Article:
Seattle Pipe Club - Plum Pudding Special Reserve Flake 2oz
An excellent blend for someone else
I get it. This is a fragrant smokey-sweet blend that fills the mouth with mild spices fit for a holiday treat. The deviation from the common taste of common tobacco is more complete than most aromatics manage, and there is none of the cloying sickness that I usually find in aromatic blends, just rich sweet woodsy smoke. It verges on incense, but again, with none of the unpleasantness that puffing on incense would bring. I smoke this and ask "but where is the tobacco?" "tobacco" meaning tastes I associate with burley and Virginia (but which do exist in other tobaccos too). This is almost an alien tobacco, and too alien for me. In the proper mood, I imagine I could greatly enjoy this blend, but such a mood has not come over me at an opportune time. As much as I like English blends, I will stick to blends whose oriental sweetness is tempered by a stronger taste of "tobacco."

Tampers & Tools - Czech Pipe Tool
Czech Perfection
This is exactly the perfect tool. It is exactly correct, and made with the quality one expects from the increasingly dwindling number of goods manufactured in Europe. Buy some now, before the production gets transferred to Bangalore or Nairobi.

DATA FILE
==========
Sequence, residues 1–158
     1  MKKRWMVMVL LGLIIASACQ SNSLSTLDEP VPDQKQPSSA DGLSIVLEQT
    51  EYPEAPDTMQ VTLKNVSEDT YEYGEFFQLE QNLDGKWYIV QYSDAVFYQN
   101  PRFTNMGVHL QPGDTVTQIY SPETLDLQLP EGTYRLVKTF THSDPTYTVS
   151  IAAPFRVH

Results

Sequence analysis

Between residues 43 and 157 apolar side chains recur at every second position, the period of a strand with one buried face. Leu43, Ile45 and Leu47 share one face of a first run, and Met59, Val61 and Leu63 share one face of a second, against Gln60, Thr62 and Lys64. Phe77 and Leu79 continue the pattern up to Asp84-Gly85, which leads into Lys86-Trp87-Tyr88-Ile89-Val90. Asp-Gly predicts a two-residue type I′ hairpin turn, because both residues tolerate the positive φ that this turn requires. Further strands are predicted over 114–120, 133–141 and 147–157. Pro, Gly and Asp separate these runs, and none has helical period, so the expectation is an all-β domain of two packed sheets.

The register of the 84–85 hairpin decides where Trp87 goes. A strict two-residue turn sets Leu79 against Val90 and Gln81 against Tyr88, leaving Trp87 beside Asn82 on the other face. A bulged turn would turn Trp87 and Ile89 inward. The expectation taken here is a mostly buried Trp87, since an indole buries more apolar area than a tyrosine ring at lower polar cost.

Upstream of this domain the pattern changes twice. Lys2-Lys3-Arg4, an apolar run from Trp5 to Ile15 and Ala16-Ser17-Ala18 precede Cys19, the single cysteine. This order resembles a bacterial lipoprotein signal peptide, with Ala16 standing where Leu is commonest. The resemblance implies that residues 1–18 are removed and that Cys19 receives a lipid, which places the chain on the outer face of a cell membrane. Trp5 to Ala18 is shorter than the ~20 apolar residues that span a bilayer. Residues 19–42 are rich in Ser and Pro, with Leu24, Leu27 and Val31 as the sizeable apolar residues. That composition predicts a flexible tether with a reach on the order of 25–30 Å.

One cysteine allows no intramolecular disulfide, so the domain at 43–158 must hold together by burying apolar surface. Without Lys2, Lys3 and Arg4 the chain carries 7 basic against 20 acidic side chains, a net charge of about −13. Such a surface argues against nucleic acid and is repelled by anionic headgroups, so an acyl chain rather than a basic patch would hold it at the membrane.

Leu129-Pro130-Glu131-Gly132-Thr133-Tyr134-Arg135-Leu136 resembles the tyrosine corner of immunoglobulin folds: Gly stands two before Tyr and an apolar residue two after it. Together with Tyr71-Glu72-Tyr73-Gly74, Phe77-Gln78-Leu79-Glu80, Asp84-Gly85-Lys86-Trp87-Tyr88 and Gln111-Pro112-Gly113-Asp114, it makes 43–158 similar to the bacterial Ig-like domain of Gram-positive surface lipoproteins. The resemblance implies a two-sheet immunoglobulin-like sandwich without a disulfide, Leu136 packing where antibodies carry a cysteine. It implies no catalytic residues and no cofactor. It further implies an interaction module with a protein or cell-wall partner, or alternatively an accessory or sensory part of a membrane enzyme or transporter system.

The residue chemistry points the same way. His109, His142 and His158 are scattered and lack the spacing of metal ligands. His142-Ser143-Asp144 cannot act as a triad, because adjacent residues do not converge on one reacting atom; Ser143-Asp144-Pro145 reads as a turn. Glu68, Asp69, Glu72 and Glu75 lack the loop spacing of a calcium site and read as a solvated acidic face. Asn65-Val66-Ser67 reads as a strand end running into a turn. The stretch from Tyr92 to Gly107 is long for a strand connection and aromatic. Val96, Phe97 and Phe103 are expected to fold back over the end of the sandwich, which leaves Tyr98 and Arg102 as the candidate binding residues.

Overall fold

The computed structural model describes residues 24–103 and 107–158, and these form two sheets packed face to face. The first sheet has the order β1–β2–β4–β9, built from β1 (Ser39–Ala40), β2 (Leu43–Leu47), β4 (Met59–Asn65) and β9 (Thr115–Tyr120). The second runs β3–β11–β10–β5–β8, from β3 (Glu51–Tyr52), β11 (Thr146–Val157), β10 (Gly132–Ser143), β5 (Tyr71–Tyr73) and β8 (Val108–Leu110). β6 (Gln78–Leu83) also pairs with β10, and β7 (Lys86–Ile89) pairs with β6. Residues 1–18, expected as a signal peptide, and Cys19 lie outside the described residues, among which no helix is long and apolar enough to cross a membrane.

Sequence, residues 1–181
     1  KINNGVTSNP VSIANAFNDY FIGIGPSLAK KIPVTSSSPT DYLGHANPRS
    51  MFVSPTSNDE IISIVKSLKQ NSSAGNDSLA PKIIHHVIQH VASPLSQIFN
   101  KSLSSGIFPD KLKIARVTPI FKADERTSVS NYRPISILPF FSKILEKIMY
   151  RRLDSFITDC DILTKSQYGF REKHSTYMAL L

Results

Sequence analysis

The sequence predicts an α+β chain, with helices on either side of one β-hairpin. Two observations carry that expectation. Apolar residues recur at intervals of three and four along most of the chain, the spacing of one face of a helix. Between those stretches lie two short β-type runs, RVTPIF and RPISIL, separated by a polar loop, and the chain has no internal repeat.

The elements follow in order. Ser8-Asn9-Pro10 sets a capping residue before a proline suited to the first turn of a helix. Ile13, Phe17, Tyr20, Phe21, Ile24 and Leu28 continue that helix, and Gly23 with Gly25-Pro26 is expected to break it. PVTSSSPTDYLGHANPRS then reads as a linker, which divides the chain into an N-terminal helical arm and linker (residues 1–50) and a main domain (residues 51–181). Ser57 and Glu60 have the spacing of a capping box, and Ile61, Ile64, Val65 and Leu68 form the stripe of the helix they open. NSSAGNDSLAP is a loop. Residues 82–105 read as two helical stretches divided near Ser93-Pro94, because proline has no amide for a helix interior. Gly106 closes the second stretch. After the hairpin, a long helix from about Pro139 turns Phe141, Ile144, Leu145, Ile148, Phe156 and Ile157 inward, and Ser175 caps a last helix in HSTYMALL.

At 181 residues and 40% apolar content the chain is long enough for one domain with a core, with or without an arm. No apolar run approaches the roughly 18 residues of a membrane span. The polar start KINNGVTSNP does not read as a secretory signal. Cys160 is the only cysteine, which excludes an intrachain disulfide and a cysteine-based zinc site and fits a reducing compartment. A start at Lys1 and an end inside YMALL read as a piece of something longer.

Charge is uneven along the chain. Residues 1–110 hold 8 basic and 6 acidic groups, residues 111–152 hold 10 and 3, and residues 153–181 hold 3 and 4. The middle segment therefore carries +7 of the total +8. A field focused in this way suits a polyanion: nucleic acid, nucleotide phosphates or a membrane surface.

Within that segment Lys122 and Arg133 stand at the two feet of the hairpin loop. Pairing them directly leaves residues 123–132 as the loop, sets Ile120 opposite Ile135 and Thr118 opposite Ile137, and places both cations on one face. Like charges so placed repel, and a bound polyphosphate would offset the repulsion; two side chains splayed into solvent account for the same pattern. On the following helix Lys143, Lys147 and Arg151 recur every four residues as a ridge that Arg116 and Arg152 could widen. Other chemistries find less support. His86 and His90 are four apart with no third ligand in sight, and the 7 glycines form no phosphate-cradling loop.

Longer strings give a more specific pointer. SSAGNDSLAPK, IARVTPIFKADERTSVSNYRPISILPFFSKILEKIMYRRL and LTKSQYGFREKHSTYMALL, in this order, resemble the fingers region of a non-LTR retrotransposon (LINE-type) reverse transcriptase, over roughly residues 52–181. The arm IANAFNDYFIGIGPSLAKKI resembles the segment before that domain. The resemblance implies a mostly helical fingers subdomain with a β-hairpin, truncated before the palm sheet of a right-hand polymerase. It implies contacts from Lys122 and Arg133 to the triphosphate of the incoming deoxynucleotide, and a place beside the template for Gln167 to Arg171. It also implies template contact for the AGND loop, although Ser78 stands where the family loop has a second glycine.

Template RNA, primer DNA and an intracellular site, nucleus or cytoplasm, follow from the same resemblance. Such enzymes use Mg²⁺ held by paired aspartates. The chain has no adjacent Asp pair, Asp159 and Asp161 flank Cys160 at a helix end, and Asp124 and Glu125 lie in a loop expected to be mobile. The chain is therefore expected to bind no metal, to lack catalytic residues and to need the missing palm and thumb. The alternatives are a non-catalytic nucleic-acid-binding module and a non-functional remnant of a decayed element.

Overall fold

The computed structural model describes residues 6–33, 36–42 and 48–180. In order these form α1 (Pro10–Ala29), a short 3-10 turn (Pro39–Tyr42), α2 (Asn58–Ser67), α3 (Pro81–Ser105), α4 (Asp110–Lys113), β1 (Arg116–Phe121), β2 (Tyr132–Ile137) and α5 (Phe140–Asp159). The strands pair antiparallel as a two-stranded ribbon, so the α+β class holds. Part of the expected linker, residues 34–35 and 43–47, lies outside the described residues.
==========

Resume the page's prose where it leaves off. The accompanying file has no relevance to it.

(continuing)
Sutliff - 526 - Old Professor
Intriguingly grounded
Solid English, solid latakia That's half the story, or two thirds. Not the full-bodied taste I am accustomed to in English blends. The flavors are all there, but there's a blank space, air occupied not by the familiar tang, spice, and sweetness. Milder, yes, that almost describes it, but it is not as much muted as crowded. There is something else sharing the space. A neutral smoke, almost like a smooth burley with the flavor stripped from it. And every so often, a taste arises in that neutral buffer space, a kind of dusty taste. Most unusual and intriguing. This is certainly not an every day smoke for me. I like my Englishes bold with permeating flavor. But every now and again, this muted complexity, this comparatively stark flavor of smoke, this is a welcome change. If you don't like it at first, try it again when your mood is different and you may find something most intriguing, even if stolid in its own way.